|10/12/16 water-soluble colored pencils, ink
I hope you’re not tired of my tree sketches yet. In addition to getting a daily color fix, I’m learning more about how to use water-soluble colored pencils every time I sketch one. With most of my earlier tree sketches, I was using a basic dry-on-dry technique to lay down color fairly heavily with the side of the pencil core. Then I’d dab the color with the waterbrush to activate it. I like the textured effect from it, but it’s a time-consuming method.
For the yellow tree I sketched Tuesday and the maple yesterday (at right), I tried something new: After laying down the color dry-on-dry as usual, I picked up my ever-handy water spritzer, held it at a distance from the paper to keep the mist fine, and then spritzed the entire tree. It was fun to see the explosion of color as soon as the mist hit the page, but it was also much, much faster than dabbing with the waterbrush. (This maple took no longer than it would have with watercolor paints.) (See the full tutorial on this technique.)
To intensify the color further in some areas (like the shady side of the tree), I went in with pencils again while the paper was still wet. I was happy to be using my usual 140-pound Canson XL watercolor paper; anything lighter and I think I would have had problems from all the water and aggressive pencil scrubbing on the wet page. In addition, the cold-press paper has a relatively coarse texture, which picks up a lot of colored pencil pigment quickly.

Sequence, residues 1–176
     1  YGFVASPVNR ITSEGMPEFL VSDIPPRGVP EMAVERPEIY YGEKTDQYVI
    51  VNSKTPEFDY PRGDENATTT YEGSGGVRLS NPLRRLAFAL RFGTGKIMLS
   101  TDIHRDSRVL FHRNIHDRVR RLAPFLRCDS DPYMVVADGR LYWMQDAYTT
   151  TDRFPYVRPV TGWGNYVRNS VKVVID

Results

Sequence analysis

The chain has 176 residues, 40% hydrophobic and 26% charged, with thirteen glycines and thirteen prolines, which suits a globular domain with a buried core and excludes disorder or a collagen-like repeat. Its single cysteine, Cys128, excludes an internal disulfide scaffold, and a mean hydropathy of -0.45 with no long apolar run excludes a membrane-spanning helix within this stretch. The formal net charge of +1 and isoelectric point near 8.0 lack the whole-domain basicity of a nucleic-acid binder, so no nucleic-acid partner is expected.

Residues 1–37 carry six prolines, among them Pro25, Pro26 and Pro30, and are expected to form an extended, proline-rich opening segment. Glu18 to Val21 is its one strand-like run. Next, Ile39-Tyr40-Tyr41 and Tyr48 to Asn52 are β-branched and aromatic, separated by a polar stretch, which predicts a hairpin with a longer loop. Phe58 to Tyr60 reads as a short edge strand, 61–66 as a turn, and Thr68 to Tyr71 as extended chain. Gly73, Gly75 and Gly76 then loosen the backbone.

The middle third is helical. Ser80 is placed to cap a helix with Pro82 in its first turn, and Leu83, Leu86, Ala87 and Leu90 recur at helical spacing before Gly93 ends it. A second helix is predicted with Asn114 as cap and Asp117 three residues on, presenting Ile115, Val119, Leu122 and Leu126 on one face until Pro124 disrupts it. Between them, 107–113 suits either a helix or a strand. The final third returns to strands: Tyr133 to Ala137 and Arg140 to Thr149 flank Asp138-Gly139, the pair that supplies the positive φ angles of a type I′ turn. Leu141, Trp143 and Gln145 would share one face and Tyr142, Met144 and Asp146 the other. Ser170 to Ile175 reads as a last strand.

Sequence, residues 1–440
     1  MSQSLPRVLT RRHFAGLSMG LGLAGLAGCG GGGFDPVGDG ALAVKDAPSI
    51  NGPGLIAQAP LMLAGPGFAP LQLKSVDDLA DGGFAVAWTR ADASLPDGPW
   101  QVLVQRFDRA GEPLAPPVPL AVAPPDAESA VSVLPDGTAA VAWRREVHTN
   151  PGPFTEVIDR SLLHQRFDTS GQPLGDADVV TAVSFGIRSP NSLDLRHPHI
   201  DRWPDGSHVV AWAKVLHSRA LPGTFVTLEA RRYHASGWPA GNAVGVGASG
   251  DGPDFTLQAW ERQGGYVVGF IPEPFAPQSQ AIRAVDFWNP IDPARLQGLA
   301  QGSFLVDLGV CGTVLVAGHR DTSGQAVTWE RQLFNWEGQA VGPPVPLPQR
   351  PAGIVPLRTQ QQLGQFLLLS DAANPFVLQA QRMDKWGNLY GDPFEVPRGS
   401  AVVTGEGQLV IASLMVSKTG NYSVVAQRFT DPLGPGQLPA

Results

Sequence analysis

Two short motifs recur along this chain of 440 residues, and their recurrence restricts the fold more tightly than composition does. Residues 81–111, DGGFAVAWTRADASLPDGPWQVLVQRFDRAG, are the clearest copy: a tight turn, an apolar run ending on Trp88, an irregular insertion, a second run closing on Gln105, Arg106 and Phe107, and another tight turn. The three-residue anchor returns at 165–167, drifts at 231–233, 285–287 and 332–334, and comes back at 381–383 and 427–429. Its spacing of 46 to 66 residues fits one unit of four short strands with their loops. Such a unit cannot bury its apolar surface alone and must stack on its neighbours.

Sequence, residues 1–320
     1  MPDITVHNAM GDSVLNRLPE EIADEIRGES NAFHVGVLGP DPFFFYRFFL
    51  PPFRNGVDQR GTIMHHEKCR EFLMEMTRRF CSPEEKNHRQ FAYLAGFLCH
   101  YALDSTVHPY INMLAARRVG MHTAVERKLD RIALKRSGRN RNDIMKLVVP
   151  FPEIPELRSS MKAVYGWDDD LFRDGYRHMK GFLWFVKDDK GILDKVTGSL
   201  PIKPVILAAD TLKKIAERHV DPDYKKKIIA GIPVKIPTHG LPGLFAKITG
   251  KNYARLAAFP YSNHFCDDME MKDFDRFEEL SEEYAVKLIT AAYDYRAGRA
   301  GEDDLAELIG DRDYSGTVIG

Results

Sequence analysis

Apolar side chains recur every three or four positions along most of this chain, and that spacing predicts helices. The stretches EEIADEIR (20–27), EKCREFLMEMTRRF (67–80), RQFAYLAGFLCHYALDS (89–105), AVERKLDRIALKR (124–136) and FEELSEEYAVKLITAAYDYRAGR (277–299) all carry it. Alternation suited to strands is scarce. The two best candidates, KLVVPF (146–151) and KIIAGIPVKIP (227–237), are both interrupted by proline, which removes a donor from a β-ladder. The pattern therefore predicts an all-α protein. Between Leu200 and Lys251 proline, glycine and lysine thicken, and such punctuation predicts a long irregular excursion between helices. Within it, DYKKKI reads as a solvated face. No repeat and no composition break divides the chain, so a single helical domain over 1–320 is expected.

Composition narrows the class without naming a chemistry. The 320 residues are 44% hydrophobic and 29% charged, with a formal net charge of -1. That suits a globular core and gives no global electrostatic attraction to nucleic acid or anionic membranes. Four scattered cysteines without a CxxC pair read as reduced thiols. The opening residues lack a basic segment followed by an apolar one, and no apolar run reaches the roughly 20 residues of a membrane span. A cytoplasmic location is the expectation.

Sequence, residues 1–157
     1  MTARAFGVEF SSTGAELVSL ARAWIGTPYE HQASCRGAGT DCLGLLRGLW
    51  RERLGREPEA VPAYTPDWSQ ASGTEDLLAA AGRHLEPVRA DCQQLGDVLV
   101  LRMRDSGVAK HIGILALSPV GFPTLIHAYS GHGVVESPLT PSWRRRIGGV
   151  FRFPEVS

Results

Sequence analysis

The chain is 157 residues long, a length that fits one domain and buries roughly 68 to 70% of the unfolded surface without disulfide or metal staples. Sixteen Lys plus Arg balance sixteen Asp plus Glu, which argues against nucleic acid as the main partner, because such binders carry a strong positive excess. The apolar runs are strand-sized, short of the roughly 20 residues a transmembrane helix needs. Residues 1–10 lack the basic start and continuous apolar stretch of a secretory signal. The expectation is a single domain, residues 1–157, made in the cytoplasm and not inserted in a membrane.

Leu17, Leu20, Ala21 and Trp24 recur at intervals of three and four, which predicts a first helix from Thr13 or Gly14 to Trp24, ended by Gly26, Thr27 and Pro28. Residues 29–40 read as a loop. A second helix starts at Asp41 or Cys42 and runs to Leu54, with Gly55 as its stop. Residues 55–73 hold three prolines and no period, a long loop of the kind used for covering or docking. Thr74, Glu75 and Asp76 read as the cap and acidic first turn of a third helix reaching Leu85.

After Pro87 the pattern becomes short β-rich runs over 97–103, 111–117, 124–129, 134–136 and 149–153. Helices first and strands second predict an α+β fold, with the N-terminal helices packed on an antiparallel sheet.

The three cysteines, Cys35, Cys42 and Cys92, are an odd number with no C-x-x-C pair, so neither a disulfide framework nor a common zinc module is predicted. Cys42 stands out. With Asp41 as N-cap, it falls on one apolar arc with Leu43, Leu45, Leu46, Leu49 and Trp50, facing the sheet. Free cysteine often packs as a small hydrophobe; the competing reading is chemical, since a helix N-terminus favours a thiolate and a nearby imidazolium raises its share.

|10/11/16 colored pencils
At the same time that I’ve been experimenting with water-soluble colored pencils to sketch trees, I’ve also been making still life studies at home, this time with traditional colored pencils or watercolor pencils kept dry. Sharpened to a deadly point, colored pencils can render really fine details, like all the (nasty looking!) warts on the gourd or vine leaves on the cherry tomatoes. I’m finding it much easier to blend hues optically by simply layering pencil strokes rather than trying to mix the right hue from liquid paints.
Loose and splashy; tight and detailed: I like to do both, and colored pencils are accommodating either way. The more I use them, the more I appreciate their versatility.
|9/22/16 colored pencils and water-soluble colored pencil